The Challenges and Potentials of Archaeological Heritage in Africa—Cape Verdean Reflections

  • Marie Louise Stig Sørensen
  • Christopher Evans
Original Article

Abstract

This paper considers three different ways that heritage can be considered fragile—as a reference to the conservation status of the physical heritage, as a concern for the meaning of the heritage, and in terms of threats to the knowledge potentials. It also briefly considers any special conditions that may characterise the threats to heritage in Africa and the consequential challenges to its heritage managers and politicians. On this basis, the experiences of working on one of the first systematic archaeological projects in Cape Verde are used to think about how these challenges are encountered within a specific place but from the viewpoint of foreigners and archaeologists.

Keywords

Heritage Africa Cape Verde UNESCO Archaeology 

Résumé

Cet article envisage trois aspects différents sous lesquels un patrimoine peut être considéré comme fragile: tout d’abord en référence a sa vulnérabilité physique, puis a la fragilité de sa valorisation en tant que patrimoine et finalement dans le sens des menaces posées aux connaissances potentielles qu’il représente. Il examine également brièvement les conditions particulières régnant en Afrique pouvant représenter des menaces pour la conservation du patrimoine et les défis qui en résultent pour les responsables politiques et les gestionnaires du patrimoine. A partir de cette base et de l’expérience gagnée en travaillant à l’un des premiers chantiers archéologiques systématiques au Cap Vert, nous engageons une réflexion sur la manière dont ces difficultés ont été surmontées dans un environnement particulier mais du point de vue d’étrangers et d’archéologues.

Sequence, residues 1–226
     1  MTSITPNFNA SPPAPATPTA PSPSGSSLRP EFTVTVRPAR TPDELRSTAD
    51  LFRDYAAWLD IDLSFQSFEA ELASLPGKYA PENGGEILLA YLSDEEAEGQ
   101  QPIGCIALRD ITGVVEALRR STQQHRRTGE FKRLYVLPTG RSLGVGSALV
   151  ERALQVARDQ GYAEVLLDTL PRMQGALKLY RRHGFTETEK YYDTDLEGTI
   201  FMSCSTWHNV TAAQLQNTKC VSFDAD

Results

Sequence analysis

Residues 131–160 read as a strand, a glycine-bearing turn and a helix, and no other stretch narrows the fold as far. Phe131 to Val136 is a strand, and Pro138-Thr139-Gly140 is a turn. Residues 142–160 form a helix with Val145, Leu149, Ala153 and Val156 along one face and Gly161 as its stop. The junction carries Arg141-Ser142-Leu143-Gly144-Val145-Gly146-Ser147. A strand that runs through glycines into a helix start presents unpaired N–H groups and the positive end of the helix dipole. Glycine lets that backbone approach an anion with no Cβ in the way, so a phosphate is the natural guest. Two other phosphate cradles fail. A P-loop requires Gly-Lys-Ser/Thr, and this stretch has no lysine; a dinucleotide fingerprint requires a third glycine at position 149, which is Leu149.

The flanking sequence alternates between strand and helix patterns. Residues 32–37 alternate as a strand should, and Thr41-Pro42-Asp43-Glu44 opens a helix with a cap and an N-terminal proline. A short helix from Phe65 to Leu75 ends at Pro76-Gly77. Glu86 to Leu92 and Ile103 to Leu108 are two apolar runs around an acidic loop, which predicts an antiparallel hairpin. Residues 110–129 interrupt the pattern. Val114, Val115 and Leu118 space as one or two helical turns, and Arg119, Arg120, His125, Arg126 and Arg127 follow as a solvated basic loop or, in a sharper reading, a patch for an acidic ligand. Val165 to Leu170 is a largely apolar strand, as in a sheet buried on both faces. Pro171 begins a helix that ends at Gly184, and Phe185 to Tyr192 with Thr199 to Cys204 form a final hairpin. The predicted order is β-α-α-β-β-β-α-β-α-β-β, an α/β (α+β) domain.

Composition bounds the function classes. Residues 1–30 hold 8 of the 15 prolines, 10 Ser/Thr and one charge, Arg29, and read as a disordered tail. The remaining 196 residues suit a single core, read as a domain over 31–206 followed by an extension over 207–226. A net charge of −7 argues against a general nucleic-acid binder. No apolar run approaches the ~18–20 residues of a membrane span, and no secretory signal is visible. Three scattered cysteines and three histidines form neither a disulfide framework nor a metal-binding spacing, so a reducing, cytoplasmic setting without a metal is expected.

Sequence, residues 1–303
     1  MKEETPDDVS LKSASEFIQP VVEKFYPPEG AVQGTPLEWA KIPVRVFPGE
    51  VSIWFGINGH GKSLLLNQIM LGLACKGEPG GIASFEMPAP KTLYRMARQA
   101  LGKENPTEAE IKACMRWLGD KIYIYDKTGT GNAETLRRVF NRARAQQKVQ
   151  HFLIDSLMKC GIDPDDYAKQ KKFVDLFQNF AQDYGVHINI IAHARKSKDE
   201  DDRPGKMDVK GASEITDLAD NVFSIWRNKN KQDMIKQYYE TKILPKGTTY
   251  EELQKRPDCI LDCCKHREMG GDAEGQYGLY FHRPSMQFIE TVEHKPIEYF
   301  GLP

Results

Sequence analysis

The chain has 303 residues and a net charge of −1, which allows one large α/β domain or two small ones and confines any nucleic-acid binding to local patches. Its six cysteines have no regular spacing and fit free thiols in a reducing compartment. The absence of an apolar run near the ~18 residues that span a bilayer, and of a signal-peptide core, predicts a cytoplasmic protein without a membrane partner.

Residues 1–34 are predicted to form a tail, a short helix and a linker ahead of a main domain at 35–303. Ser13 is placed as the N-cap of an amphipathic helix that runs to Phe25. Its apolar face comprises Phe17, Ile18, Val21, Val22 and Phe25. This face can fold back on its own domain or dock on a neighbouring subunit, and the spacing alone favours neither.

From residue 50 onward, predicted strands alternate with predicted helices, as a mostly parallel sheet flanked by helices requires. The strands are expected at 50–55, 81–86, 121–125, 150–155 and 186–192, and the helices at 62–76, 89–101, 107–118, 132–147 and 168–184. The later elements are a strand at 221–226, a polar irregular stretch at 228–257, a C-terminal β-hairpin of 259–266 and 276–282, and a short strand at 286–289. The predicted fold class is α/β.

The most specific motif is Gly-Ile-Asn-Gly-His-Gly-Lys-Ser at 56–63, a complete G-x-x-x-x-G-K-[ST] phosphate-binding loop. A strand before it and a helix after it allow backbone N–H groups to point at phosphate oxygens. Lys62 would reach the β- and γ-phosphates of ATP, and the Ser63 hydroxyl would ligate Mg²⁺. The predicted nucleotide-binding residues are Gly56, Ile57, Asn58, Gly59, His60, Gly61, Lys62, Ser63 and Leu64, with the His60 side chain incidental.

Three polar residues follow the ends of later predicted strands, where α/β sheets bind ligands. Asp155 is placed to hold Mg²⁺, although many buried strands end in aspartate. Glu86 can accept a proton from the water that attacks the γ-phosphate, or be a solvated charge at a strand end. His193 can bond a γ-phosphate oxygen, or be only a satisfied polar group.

Notes

Acknowledgements

We would like to thank Konstantin Richter for first introducing us to the archaeology of Cidade Velha and for our many discussions as partners in the ongoing archaeological exploration of Cidade Velha. The fieldwork represents a partnership between the Department of Archaeology (University of Cambridge) and the Ministério da Cultura of the República de Cabo Verde, and we would like to acknowledge this collaboration and the participation in the fieldwork of our colleagues from the Ministry and the Museum; this has been much appreciated. In particular, we would like to thank Dr. Carlos Alberto de Carvalho and Hamilton Jair Fernandes for generously sharing their knowledge about the village and their plans for its heritage throughout our collaboration. We would like to acknowledge the support from The Society of Antiquaries (London) and the McDonald Institute (University of Cambridge); without their support, the fieldwork could not have been carried out. Marie Louise would, in addition, like to acknowledge many discussions about indigenous archaeology and community archaeology with Susan Keitumetse, Donna Yates and Domenic Walker in connection with their research in Botswana, Bolivia and Wales, respectively.

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Copyright information

© Springer Science+Business Media, LLC 2011

Authors and Affiliations

  • Marie Louise Stig Sørensen
    • 1
  • Christopher Evans
    • 2
  1. 1.Department of ArchaeologyUniversity of CambridgeCambridgeUK
  2. 2.Cambridge Archaeological UnitUniversity of CambridgeCambridgeUK

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